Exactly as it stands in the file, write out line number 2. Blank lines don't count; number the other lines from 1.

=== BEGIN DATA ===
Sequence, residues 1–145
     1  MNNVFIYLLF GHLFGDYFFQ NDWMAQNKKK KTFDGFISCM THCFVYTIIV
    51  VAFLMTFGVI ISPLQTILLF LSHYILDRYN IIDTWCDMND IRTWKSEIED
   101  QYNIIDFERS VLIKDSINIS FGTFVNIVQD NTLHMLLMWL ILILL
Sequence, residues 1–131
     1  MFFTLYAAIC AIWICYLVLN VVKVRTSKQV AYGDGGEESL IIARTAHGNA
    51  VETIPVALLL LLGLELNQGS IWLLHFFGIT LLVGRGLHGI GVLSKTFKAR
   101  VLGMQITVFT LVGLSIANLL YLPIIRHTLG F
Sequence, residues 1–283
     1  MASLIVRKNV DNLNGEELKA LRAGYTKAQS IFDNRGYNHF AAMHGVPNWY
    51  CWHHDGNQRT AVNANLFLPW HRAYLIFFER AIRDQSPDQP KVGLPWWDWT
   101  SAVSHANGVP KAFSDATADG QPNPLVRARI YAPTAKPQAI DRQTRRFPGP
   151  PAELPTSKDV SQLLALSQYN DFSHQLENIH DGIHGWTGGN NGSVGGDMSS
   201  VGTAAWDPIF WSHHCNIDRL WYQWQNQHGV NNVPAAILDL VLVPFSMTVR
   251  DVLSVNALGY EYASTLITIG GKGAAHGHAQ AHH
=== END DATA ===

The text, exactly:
     1  MNNVFIYLLF GHLFGDYFFQ NDWMAQNKKK KTFDGFISCM THCFVYTIIV